History of the Hospital of St. Thomas the Martyr, Eastbridge

St Thomas Becket was murdered in Canterbury Cathedral on 29th December 1170. Soon after his tomb and the place of his death became a focus for pilgrimage.  The city needed to provide accommodation for the large number of visitors so in 1190, Edward FitzOdbold, a local merchant founded a hospital on the bridge in the High Street.

Becket’s nephew Ralph was probably the first Master. The hospital initially prospered but declined after 150 years. It was refounded in 1342 by Archbishop Stratford, and was probably at its peak in the 1380s when Chaucer was writing his Canterbury Tales. In Chaucer’s words pilgrims ‘from every shire end of England to Canterbury they wend, the holy blissful martyr for to seek’.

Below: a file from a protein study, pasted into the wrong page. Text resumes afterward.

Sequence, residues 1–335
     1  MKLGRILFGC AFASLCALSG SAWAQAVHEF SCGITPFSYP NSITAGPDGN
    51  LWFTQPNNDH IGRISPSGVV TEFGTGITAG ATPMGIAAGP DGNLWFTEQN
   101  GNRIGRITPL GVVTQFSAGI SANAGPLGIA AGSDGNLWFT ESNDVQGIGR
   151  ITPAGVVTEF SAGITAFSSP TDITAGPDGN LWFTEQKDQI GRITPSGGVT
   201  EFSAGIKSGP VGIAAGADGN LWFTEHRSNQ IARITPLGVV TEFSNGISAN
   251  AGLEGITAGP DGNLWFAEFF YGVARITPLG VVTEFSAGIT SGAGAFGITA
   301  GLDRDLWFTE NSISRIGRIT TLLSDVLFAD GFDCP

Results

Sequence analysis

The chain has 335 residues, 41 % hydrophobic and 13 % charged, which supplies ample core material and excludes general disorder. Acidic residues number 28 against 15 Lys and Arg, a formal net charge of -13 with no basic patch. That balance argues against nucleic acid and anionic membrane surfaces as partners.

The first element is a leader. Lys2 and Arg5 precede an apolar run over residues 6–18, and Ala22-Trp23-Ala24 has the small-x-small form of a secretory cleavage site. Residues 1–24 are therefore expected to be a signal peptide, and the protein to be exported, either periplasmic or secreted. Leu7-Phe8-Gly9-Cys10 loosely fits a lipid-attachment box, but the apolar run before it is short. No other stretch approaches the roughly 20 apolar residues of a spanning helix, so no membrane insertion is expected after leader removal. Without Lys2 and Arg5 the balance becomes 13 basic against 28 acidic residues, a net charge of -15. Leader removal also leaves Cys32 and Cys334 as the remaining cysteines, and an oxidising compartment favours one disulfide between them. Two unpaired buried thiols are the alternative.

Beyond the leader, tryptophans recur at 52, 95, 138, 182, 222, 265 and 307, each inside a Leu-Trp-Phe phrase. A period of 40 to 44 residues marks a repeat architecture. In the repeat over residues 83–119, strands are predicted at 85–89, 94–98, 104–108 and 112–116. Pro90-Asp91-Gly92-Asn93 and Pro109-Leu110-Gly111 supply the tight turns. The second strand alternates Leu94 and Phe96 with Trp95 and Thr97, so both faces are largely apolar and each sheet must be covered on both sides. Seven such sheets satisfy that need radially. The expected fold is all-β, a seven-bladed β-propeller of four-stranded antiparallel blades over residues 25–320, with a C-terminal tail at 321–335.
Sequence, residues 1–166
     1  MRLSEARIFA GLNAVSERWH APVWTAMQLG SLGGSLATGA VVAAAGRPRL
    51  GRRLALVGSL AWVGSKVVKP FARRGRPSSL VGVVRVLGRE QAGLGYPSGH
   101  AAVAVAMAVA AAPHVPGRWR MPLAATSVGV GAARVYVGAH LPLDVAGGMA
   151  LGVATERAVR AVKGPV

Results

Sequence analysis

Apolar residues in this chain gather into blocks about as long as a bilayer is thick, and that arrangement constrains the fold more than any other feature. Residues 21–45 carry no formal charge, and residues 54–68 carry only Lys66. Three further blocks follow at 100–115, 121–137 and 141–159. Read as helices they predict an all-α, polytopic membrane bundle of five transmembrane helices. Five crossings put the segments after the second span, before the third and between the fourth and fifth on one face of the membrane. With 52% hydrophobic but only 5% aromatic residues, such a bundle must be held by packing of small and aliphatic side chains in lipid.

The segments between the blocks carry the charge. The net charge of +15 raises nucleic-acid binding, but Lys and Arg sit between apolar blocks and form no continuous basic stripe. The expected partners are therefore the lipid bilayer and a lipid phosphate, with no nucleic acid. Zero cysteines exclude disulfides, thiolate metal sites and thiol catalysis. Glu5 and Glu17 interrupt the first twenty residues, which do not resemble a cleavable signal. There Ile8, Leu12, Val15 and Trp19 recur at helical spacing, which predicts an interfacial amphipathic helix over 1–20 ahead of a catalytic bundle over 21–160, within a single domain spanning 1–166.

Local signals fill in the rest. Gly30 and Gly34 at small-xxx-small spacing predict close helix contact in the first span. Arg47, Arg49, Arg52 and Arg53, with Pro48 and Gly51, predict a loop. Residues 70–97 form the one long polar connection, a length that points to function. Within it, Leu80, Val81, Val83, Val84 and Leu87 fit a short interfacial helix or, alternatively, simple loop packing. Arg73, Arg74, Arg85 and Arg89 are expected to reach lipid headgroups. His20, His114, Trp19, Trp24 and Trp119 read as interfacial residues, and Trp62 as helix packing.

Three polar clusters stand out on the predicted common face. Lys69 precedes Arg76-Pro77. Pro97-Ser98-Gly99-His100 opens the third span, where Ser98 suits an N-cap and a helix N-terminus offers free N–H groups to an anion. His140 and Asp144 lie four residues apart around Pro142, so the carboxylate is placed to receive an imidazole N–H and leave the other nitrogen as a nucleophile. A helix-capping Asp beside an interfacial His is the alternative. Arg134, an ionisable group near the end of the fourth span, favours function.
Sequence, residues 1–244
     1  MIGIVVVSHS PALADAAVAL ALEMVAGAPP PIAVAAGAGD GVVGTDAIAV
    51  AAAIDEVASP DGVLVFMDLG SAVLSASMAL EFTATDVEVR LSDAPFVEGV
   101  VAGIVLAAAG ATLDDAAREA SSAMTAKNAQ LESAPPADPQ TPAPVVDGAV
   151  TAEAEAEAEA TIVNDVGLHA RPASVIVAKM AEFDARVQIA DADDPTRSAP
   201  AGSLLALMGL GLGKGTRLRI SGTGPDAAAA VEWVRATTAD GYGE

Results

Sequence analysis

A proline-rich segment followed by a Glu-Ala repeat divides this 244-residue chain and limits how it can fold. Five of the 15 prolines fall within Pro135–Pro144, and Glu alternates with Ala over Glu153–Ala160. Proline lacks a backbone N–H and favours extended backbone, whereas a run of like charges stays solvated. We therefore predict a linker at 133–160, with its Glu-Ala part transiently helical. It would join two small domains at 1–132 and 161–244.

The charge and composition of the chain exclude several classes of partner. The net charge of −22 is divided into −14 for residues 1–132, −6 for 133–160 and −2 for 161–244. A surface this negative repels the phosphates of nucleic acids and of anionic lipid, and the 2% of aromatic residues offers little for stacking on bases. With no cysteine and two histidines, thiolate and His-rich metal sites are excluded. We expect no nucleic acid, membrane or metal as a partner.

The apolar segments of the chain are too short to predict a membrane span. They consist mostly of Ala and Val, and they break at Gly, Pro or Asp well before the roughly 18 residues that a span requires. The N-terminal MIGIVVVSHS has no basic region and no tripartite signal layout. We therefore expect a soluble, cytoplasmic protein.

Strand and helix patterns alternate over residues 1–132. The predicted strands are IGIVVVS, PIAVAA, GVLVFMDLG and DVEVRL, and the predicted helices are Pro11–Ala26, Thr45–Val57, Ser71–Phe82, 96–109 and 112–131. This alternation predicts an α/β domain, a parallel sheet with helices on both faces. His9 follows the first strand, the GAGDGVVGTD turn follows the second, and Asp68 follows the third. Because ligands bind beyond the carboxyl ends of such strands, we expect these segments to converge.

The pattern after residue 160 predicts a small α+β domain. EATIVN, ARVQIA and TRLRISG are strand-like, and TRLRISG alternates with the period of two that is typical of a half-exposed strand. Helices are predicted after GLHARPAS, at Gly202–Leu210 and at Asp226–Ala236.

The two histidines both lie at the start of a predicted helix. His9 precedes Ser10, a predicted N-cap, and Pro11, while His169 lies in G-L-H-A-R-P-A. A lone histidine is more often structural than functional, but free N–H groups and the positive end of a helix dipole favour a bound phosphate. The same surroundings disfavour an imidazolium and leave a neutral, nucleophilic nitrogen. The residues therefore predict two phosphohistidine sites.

At this time, too, the Masters were even responsible for maintaining the East bridge over the River Stour. In the Reformation period, following the rift between Henry VIII and the Church of Rome, monasteries and places of pilgrimage came under government control and many were sold off to the rich. In 1538, the shrine to St Thomas was destroyed and the hospital went into decline, but in 1584 Archbishop Whitgift made reforms which were protected by Act of Parliament. The hospital had thenceforth to provide accommodation for ten poor people of Canterbury and pay dole to ten more. A school for twenty boys had already been founded in 1569, and this stayed open until the 1880s.